The risk of new onset heart failure associated with dopamine agonist use in Parkinson's disease
ABSTRACT The aim of present study was to investigate the risk of heart failure associated with dopamine agonist use in patients with Parkinson's disease. The data sources of this study were four different population-based, healthcare databases in United Kingdom, Italy and Netherlands. A case control study nested within a cohort of Parkinson's disease patients who were new users of either dopamine agonist or levodopa was conducted. Incident cases of heart failure were identified and validated, using Framingham criteria. Controls were matched to cases on age, gender and database. To estimate the risk of newly diagnosed heart failure with ergot and non-ergot derived dopamine agonists, as compared to levodopa, odds ratios and 95% confidence intervals were calculated through conditional logistic regression. In the cohort of 25,459 Parkinson's disease patients (11,151 new users of dopamine agonists, 14,308 new users of levodopa), 518 incident heart failure cases were identified during follow-up. Compared to levodopa, no increased risk of heart failure was found for ergot dopamine agonists (odds ratio: 1.03; 95% confidence interval: 0.69-1.55). Among non-ergot dopamine agonists, only pramipexole was associated with an increased risk of heart failure (odds ratio: 1.61; 95%confidence interval: 1.09-2.38), especially in the first three months of therapy (odds ratio: 3.06; 95% confidence interval: 1.74-5.39) and in patients aged 80 years and older (odds ratio: 3.30; 95% confidence interval: 1.62-7.13). The results of this study indicate that ergot dopamine agonist use in Parkinson's disease patients was not associated with an increased risk of newly diagnosed heart failure. Among non-ergot dopamine agonists, we observed a statistically significant association between pramipexole use and heart failure, especially during the first months of therapy and in very old patients.
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ABSTRACT: Rheumatoid arthritis (RA) is a multisystem disease with a complex immunologic pathophysiology. Likewise, sleep disorders can involve a complicated interplay between the neurologic pathways, immune system, and respiratory system. Recent studies have shown an elevated prevalence of sleep abnormalities in connective tissue disorders compared to the general population. Restless legs syndrome (RLS) may be present in up to 30% of RA patients. These findings may be related to cytokine release and other immunomodulatory responses. TNF- α levels relate to sleep physiology and anti-TNF- α therapy may improve sleep patterns. Most of the patients with this disorder can distinguish their RLS sensations from their arthritic symptoms. RLS is a common comorbidity seen with RA, and prompt recognition and treatment can improve patient quality of life.06/2013; 2013:352782. DOI:10.1155/2013/352782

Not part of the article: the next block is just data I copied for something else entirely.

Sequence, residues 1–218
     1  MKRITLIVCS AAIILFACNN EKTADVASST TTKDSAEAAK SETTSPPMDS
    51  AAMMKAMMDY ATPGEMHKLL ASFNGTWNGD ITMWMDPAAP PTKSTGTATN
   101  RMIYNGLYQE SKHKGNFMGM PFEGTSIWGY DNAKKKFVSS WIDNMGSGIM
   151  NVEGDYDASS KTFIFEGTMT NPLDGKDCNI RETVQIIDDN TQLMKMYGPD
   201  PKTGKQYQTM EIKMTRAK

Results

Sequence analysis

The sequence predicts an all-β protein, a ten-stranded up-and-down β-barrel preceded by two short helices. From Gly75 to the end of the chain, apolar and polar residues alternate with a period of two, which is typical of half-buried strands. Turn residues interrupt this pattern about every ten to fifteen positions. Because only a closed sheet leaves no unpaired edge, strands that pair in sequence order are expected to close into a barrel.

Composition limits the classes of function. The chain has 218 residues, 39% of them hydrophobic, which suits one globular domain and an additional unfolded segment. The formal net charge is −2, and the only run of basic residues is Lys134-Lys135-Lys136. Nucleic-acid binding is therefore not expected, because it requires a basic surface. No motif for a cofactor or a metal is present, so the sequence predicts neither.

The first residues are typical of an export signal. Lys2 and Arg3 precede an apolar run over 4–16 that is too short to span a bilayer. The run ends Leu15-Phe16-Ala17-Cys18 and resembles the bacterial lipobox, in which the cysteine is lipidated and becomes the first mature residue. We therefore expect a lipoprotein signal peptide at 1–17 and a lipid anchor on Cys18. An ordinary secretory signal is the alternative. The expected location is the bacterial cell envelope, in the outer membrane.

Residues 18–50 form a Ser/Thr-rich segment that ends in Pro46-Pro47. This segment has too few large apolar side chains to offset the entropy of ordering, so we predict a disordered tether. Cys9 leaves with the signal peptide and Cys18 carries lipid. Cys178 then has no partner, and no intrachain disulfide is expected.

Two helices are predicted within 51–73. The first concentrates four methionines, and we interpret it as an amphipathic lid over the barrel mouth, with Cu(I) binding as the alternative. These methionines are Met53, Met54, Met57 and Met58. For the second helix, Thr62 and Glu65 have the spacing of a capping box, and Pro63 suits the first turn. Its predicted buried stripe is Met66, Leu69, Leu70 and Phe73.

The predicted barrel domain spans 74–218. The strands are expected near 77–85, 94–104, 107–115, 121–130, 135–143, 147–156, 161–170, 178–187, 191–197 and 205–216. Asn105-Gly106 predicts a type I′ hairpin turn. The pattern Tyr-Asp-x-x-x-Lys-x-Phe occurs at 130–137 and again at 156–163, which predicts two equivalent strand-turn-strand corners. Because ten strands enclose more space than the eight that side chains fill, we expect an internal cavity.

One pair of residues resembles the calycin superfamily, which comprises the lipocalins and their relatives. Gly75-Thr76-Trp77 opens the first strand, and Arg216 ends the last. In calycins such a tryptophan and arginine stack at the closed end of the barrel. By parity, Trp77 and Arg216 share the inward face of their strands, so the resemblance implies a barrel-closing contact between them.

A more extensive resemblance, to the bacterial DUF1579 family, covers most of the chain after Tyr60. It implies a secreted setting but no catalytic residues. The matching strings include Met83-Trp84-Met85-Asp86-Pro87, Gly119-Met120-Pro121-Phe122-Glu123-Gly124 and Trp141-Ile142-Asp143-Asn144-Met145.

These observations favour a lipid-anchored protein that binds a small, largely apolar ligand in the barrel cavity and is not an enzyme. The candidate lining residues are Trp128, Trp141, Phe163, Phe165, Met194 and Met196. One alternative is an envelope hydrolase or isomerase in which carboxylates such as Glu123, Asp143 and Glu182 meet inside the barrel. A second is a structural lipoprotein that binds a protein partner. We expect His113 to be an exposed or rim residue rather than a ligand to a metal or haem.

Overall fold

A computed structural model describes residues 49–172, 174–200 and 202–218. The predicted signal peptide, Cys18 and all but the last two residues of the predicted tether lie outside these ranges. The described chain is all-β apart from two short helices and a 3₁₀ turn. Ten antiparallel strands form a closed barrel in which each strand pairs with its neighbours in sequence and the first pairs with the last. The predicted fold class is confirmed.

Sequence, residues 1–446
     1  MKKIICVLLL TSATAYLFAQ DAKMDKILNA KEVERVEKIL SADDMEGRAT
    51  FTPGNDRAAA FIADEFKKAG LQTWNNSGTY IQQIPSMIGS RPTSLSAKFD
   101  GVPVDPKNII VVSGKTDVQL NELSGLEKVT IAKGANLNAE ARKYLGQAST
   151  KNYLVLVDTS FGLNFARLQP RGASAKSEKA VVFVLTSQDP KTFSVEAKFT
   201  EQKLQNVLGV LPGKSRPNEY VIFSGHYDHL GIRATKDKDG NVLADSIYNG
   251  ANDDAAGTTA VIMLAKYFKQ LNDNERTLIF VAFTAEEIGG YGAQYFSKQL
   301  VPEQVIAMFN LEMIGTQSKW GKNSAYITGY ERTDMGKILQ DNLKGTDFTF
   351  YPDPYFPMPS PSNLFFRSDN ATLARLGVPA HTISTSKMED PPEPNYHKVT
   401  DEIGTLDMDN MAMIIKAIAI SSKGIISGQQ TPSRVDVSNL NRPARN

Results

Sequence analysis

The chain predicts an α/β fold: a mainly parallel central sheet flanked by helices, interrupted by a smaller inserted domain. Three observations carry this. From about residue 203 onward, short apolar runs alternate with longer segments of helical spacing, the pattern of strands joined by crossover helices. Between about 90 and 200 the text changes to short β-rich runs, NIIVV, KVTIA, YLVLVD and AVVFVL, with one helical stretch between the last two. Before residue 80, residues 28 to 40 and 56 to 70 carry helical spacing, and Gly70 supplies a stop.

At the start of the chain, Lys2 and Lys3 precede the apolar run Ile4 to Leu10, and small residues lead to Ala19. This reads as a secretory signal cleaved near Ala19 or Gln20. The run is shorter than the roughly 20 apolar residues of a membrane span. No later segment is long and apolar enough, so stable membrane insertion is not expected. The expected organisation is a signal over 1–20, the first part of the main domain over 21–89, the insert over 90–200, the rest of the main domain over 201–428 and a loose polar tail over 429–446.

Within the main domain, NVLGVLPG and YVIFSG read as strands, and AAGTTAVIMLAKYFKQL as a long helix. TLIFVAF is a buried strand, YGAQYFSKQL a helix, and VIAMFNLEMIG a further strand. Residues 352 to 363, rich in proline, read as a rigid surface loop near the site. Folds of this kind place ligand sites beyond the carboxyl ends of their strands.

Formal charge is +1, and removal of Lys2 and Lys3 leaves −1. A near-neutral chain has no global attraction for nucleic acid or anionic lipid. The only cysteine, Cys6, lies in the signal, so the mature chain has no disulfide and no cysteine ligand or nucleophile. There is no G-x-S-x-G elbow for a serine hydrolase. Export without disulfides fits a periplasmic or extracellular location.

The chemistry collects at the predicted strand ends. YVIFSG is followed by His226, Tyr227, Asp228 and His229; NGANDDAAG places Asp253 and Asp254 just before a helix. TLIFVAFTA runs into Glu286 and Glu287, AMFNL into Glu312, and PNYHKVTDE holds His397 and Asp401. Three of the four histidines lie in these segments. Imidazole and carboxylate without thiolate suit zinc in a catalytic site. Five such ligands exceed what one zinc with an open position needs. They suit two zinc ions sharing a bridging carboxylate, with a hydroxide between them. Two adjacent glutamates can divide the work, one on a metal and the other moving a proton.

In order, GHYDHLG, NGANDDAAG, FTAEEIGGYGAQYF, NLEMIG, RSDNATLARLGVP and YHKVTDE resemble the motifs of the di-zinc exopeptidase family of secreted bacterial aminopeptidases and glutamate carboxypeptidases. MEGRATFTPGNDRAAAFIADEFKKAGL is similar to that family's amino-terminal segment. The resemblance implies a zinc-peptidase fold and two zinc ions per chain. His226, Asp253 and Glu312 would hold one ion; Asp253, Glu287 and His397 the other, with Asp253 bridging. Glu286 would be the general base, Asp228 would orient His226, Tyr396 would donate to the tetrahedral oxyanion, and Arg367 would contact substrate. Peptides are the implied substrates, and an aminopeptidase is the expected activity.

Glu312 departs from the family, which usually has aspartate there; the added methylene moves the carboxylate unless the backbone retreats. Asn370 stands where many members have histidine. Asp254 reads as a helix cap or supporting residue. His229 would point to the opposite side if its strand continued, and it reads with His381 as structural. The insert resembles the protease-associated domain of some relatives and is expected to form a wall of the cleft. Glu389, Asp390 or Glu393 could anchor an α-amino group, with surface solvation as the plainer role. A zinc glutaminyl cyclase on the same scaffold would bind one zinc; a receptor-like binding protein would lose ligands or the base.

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ABSTRACT: Introduction: Dopamine agonists (DAs) are frequently used to treat early or advanced Parkinson's disease (PD) patients. They have been shown to be efficacious for the treatment of motor symptoms and for delaying levodopa-induced dyskinesias. However, their utilization is limited by the risk of adverse drug reactions, some of which affect the cardiovascular system. Recently, the US FDA identified a possible association between exposure to pramipexole and the risk of heart failure. Areas covered: This article begins by reviewing the pharmacodynamic and cardiovascular effects of DAs on PD patients. Pharmacoepidemiological studies about the association between DAs and heart failure are then evaluated. Expert opinion: Four nested case-control studies were reviewed. In general, results showed higher heart failure risk following use of pramipexole or cabergoline. Although the effects of cabergoline may be explained by the induction of cardiac valve fibrosis, the basis for the significantly increased risk associated with pramipexole is unclear. It remains to be determined if these are dose-related effects, at what point they occur during the course of treatment, and if the risk is the same for all patients irrespective of other potential modifying factors, such as age and sex.Expert Opinion on Drug Safety 03/2014; 13(3):351-60. DOI:10.1517/14740338.2014.888057 · 2.74 Impact Factor
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ABSTRACT: Critically ill patients are at high risk of adverse drug events during their intensive care unit stay. Of the potential adverse drug events, those related to the cardiovascular system are particularly concerning. Common cardiovascular adverse drug events include drug-induced arrhythmias, drug-induced blood pressure abnormalities, and drug-induced heart failure. The specific drug-induced events to be reviewed include bradycardia, tachycardia, corrected QT interval prolongation, hypertension, hypotension, and heart failure exacerbation.Critical care nursing quarterly 01/2013; 36(4):323-34. DOI:10.1097/CNQ.0b013e3182a10c2a